why do water birds have webbed feet

Ducks, geese, and swans all have webbed feet. The primary use for webbed feet is paddling through water. Here's how it works: as the bird pulls its foot backwards through the water, the toes spread apart, causing the webs to spread out. The webs push more water than just a bird foot with spread-out toes would push. (It would be like trying to swim with your fingers spread apart. ) The webbed feet propel the bird through the water. When the bird pulls its foot forward for the next push, the toes come together, folding up the webs. The foot is instantly less resistant, moving through the water easily to get into place for the next stroke without pushing the bird backwards. Webbed feet are useful on land as well as on water because they allow birds to walk more easily on mud.


Some birds like the Northern Pintail or Mallard have webbing between three of their toes. Each bird has a fourth toe located behind the webbing that does not help in propelling the bird through the water. This type of webbed foot is known as
palmate that is, shaped like an open hand or palm. The other type of webbed foot has webbing between all four of the bird's toes. This type of webbed foot is known as totipalmate "toti" meaning total and "palmate" meaning open hand or palm. Most swimming or paddling birds have their legs and feet located at the rear of their body. This adaptation is an advantage on the water it helps to propel the birds along.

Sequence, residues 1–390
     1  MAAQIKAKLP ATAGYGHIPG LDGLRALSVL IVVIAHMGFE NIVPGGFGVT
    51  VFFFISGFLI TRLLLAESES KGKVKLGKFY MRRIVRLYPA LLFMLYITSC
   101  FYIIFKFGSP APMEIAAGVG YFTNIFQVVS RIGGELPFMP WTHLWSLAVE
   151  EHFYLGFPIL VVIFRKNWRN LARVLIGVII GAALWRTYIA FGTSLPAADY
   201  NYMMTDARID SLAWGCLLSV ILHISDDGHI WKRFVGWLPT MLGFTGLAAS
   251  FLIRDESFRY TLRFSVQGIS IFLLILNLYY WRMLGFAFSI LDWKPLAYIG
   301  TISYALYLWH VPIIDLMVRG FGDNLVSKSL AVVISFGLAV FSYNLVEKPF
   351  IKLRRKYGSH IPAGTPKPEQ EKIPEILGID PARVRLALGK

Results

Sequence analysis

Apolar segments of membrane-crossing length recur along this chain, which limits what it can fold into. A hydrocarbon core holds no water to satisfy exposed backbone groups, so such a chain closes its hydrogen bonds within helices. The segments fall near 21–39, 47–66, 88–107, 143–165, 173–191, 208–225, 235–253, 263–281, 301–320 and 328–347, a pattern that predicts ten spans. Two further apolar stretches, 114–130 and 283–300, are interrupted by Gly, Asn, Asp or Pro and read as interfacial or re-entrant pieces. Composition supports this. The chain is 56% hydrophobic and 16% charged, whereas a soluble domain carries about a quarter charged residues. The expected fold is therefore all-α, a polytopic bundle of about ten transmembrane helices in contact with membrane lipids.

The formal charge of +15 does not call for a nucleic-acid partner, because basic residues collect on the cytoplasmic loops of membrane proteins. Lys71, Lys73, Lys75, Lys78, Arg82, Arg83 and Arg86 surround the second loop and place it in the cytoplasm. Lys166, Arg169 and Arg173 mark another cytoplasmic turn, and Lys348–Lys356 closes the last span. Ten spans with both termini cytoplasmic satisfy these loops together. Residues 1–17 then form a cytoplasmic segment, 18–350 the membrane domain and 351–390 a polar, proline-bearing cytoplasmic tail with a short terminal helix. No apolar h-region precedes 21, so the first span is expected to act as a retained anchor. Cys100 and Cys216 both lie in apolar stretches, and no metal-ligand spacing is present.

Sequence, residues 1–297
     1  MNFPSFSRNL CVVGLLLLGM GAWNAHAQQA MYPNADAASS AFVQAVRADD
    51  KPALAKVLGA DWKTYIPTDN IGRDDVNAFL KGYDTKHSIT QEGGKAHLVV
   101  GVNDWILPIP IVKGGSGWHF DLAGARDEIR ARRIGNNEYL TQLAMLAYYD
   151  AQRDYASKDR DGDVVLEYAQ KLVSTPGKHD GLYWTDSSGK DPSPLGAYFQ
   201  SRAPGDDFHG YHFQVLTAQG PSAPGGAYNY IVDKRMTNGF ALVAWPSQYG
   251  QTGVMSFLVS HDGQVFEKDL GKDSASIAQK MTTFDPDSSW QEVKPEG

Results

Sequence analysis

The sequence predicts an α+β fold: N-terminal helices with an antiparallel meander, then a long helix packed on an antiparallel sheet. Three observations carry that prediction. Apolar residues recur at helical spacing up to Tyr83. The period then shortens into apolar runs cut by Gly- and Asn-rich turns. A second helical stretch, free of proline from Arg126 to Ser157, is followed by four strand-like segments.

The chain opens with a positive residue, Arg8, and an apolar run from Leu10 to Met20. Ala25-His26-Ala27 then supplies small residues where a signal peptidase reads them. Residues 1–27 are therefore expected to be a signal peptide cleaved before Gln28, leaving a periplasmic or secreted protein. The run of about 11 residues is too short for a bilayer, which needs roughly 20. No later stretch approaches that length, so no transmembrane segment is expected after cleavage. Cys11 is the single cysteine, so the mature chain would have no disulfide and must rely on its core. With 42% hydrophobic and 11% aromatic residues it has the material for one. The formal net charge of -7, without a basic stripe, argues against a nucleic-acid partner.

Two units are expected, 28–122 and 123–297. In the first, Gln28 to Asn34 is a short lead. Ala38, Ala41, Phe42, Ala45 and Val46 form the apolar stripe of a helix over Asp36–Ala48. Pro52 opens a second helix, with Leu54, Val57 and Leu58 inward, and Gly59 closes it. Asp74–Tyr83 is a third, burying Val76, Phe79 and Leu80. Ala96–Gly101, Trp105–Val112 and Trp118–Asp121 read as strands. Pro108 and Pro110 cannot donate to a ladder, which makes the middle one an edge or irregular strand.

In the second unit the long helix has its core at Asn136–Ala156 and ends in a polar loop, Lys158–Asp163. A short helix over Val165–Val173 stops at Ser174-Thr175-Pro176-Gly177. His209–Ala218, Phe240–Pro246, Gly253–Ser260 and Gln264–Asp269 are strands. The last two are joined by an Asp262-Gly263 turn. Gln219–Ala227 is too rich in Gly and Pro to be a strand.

But what's good on the water isn't necessarily good on land. Having their legs and feet located at the rear of their body makes walking more difficult for these birds. Have you ever noticed that some animals have bodies that are odd looking? Animal bodies that seem strange are usually made that way for a reason. Through thousands of years, animals' bodies have adapted, or changed, to suit the needs of each animal. Examples of these adaptations might be very long noses for catching insects or eyes on the side of the head to watch for predators. One common adaptation is webbed feet. If you look at a duck's foot, you'll see that their toes are connected by a thin piece of skin. This is what makes a webbed foot.


Why would some animals have webbed feet? Most animals with webbed feet are aquatic animals who live in, on, or near the water. Webbed feet help them move quickly through the water when they are chasing food or trying to escape from predators. Have you ever worn swim fins? We put them on our feet to help us swim faster. Webbed feet do the same thing. They also help animals walk on muddy ground, which can be slippery. In addition to ducks, many different kinds of birds have webbed feet. These include geese, swans, petrels, albatrosses, flamingos, terns, and puffins. Some gulls and penguins also have webbed feet. One group of birds, including pelicans and related birds like cormorants, darters, gannets, frigatebirds, and tropicbirds, have very broad, webbed feet that help them swim very well.


This group of birds is the only group that has webbing between all four of their toes; most other birds only have webbing between three toes. Some amphibians and reptiles also have webbed feet, and they use them in the same ways as birds. Webbed feet come in handy for swimming quickly through the water. Crocodiles and alligators have webbed back feet. Some turtles have webbed feet, but tortoises, which spend their time on land, don't. Similarly, aquatic frogs, which live in water, have webbed feet, but frogs that live on land, such as tree frogs, don't have webbed feet because they don't need them.

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